Rolling Plains: The wheat harvest was in full swing with yields reported being average or below normal. Some counties were finishing the wheat harvest as much as three weeks earlier than usual. One county reported that yields varied greatly due to rust damage in some fields. Conditions were beginning to become dry. Wise County reported from 0.2 inch to 2 inches of rain, but over the last few weeks, conditions for most of the region worsened due to lack of moisture and hot, dry, windy weather. Pastures were beginning to play out with little to no grazing left for cattle. Some producers were considering liquidating more cattle due to the lack of grazing and the long-range forecast not calling for rain. Farmers who have not started planting cotton were slowly getting planters ready, but no one was in any hurry due to the lack of moisture to plant. Without rain, the cotton outlook will not be good. Flies and insects continued to be a problem. The grasshopper population also continued to increase. Hay production was fair to good. The pecan crop was fair to good. The peach crop was reported as good, with growers spraying for insects.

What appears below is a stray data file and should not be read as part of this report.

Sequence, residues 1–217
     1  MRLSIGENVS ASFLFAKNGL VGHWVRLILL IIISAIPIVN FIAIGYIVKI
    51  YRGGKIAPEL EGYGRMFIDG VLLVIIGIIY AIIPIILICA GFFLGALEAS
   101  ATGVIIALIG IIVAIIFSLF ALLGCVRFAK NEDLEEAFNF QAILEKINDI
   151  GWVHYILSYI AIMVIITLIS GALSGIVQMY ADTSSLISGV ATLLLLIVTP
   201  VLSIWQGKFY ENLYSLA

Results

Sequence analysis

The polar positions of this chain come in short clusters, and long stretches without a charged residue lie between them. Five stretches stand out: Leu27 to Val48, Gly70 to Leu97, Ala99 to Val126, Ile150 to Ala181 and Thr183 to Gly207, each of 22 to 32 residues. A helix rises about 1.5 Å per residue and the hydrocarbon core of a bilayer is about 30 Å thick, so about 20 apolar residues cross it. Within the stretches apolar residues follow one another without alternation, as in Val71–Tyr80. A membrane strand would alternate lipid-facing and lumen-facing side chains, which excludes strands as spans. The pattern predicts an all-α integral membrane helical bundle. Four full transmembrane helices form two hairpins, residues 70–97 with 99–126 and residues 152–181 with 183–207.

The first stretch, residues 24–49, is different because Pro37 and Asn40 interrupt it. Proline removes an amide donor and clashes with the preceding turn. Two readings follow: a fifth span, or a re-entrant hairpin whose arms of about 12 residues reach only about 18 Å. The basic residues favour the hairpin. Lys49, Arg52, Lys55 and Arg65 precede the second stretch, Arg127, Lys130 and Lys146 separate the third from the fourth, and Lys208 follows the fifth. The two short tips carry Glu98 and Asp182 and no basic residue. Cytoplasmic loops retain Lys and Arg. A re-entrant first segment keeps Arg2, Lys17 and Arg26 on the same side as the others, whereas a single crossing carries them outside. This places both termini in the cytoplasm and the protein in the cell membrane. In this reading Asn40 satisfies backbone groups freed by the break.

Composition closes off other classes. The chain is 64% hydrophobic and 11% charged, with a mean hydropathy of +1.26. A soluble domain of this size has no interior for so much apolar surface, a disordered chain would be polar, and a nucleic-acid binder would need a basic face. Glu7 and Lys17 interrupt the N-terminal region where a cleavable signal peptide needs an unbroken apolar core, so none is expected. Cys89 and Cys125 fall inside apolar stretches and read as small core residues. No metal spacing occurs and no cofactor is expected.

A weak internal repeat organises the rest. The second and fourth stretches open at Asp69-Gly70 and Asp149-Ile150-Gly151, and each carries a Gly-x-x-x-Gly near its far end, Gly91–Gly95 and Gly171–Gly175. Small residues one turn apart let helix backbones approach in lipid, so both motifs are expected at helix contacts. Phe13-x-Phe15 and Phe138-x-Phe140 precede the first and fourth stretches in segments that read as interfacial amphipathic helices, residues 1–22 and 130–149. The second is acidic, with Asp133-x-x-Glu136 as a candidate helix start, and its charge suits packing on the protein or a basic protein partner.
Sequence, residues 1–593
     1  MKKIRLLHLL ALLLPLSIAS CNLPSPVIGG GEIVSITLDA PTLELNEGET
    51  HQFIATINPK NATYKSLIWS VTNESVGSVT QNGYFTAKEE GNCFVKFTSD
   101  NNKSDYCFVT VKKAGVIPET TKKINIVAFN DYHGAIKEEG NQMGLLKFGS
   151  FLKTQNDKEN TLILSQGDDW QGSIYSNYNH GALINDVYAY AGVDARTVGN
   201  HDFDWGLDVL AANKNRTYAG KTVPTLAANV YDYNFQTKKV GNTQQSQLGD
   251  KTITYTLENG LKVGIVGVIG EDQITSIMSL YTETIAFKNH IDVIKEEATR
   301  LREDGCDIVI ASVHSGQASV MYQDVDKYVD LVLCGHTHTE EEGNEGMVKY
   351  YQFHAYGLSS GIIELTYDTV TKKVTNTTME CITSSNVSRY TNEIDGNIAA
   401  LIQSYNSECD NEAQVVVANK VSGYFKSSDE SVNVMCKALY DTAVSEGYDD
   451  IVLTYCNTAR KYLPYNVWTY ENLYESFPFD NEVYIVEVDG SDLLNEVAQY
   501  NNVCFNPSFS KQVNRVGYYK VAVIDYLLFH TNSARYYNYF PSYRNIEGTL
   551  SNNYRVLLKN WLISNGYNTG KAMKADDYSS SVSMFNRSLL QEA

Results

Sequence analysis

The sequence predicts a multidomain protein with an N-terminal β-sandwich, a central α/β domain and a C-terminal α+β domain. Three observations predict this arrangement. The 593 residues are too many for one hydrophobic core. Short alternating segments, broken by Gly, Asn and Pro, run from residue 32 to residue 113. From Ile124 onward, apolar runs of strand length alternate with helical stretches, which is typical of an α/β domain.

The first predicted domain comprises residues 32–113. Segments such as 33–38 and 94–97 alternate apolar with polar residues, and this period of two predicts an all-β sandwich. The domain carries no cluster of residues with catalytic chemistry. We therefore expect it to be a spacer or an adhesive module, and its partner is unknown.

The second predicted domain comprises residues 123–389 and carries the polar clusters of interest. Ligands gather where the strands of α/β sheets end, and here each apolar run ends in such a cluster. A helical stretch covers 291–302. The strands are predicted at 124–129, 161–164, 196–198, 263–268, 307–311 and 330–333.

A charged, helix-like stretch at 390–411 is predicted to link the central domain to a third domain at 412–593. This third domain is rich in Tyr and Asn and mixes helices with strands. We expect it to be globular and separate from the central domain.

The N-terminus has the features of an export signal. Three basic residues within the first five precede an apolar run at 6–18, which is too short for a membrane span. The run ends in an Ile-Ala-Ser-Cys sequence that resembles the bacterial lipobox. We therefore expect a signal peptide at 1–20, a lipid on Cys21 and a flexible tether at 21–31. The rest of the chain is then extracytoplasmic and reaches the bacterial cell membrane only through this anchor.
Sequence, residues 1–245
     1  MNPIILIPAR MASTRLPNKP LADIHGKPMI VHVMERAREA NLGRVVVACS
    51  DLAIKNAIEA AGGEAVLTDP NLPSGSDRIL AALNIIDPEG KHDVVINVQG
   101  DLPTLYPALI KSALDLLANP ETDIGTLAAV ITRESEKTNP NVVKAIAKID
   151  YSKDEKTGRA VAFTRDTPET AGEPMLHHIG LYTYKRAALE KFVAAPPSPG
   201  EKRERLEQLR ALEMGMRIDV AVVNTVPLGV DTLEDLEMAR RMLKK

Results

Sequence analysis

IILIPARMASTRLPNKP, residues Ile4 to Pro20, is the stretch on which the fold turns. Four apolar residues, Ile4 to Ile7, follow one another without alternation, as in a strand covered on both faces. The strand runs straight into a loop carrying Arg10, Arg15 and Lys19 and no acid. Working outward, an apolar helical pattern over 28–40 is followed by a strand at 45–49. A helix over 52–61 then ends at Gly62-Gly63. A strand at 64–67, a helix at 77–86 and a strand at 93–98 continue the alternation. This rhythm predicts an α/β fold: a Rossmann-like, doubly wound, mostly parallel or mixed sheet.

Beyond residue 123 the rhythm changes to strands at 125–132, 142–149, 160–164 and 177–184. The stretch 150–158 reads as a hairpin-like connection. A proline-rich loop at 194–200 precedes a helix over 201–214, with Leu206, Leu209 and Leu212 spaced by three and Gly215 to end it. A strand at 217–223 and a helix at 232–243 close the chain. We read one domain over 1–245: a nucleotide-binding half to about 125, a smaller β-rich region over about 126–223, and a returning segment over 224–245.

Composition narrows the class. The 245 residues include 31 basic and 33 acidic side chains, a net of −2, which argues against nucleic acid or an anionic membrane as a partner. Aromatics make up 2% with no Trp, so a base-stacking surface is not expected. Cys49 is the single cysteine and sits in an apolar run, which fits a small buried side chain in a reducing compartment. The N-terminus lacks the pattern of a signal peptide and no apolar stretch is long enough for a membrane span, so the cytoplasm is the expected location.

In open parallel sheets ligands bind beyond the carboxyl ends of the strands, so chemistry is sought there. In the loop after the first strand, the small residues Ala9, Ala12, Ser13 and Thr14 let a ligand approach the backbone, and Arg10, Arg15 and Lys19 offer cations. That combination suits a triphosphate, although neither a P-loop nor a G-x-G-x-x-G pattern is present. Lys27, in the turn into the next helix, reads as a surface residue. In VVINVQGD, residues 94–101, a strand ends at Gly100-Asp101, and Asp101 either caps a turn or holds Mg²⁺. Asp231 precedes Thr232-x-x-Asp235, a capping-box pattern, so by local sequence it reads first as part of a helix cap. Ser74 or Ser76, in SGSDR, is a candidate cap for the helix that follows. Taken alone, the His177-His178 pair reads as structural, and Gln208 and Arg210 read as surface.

South: Heavy rains and persistent showers throughout the region helped rangeland, pastures and many crops. Soil moisture was 100 percent adequate in the northern and southern parts of the region and short to very short in the eastern and western areas. Stock-tank water levels rose in areas where there was rain runoff. Cattle remained in good to fair condition, and cattle prices were high. Livestock producers were only having to supply supplemental feed at minimum levels due to improved range and pasture conditions. Atascosa County farmers began to plant peanuts. In Frio County, producers wound up the wheat and oat harvests. La Salle County reported excellent topsoil moisture. In Zavala County, growers resumed harvesting onions and cabbage as fields began to dry. Also in that area, cotton, corn, sorghum and melons progressed well without irrigation due to the heavy rains. Pecan producers were monitoring for insects daily. In Cameron County, cotton was setting squares, grain sorghum was turning color and melons were progressing well. In Hidalgo County, the vegetable and citrus harvests wound down. In Starr County, the tomato, squash and cantaloupe harvests were ongoing. Crops in the Willacy County area showed signs of very good growth.